Notebook pages flipped across the screen. Each page contained handwritten questions: What am I doing? Why do I feel so alone? What would happen if people could read my diary? All of our diaries?
These questions served as transitions in a documentary titled "The Abortion Diaries" during the Roe v. Wade 33rd Anniversary Mid-Missouri Celebration held in Stotler Lounge Sunday afternoon.
Spiritual Youth for Reproductive Freedom, an organization that works to educate women on reproductive rights, sponsored the event.
"It's a trying time for reproductive rights," said Sarah Amos, spokeswoman for SYRF and co-organizer of the event. "This is a celebration of the rights won by Roe v. Wade."
According to the documentary, 1.3 million women get an abortion each year and, according to the Alan Guttmacher Institute, a research partner for Planned Parenthood, 10 percent of all college women become pregnant each year.
The event also featured speakers from the Missouri Coalition for Reproductive Choice and a closed discussion forum after the documentary. Amos said 60 people registered to attend the event.
"The event was really successful," said Elise Link-Taylor, the education and outreach coordinator for Planned Parenthood who spoke at the event about recent and upcoming abortion legislation. "The turnout was great."
The Rev. Rebecca Turner, executive director of the Missouri Religious Coalition for Reproductive Choice, also spoke at the event about the history of abortion and the effects of Roe v. Wade.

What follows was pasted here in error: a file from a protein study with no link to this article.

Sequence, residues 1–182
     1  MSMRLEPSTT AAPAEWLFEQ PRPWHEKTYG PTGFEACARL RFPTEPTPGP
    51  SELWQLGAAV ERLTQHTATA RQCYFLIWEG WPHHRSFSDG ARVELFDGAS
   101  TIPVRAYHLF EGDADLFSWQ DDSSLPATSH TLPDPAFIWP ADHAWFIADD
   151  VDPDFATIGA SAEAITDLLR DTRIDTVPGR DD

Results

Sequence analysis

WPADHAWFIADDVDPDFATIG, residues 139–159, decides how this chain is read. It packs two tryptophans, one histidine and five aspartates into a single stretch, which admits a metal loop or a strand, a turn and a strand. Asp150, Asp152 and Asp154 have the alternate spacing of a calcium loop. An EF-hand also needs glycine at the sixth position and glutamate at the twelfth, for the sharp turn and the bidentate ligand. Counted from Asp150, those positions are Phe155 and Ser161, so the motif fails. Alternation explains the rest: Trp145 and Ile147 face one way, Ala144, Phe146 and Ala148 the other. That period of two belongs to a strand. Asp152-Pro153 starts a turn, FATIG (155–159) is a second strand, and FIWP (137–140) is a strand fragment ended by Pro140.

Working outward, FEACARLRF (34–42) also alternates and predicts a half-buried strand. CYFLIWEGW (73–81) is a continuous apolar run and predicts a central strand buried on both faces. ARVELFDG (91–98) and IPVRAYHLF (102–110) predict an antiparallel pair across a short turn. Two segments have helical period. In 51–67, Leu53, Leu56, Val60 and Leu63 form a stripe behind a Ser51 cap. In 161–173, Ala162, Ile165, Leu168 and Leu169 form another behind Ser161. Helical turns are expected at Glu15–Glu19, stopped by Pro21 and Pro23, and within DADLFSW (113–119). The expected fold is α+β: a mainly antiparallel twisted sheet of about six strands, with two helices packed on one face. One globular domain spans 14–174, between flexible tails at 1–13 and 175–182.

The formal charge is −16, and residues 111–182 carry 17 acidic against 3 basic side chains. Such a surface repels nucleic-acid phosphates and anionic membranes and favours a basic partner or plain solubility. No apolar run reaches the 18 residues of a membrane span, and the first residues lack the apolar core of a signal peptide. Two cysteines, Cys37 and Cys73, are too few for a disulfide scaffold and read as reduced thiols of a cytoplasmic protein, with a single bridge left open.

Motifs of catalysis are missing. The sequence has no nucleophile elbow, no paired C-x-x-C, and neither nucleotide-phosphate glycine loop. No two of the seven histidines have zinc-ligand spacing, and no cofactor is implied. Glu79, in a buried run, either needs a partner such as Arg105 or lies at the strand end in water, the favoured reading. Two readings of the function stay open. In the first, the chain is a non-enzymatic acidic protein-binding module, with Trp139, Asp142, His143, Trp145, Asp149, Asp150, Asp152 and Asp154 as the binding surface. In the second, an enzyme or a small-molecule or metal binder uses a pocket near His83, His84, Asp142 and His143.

"There have been decisions that were just as controversial as Roe v. Wade in their day, but I can't think of any controversy that has endured for this long," Turner said in the opening remarks of her speech.
Turner recounted the history of a group of clergy in New York who organized the Clergy Consultation Service on Abortion in 1967 and gave women counseling, plane tickets and money to help. It was clergy, she said, who opened the first freestanding abortion clinic in New York.
Turner said after the Supreme Court ruled in favor of Jane Roe, a fictitious name assigned to a pregnant Texas woman who sued the state about her right to procure a safe and legal abortion, more than 20 religious groups supported the liberalization of abortion rights.
The Supreme Court sided with Roe because the Constitution guarantees the right to privacy. According to the decision, an abortion is a private, medical decision protected under the right to privacy.
"Today's anti-abortion groups want the public to think that religious people all come from the same mold, that all religious people are opposed to choice," Turner said. "They would have us believe that if abortion is made illegal, then it will simply stop. Unwanted pregnancy won't end just because abortion is illegal."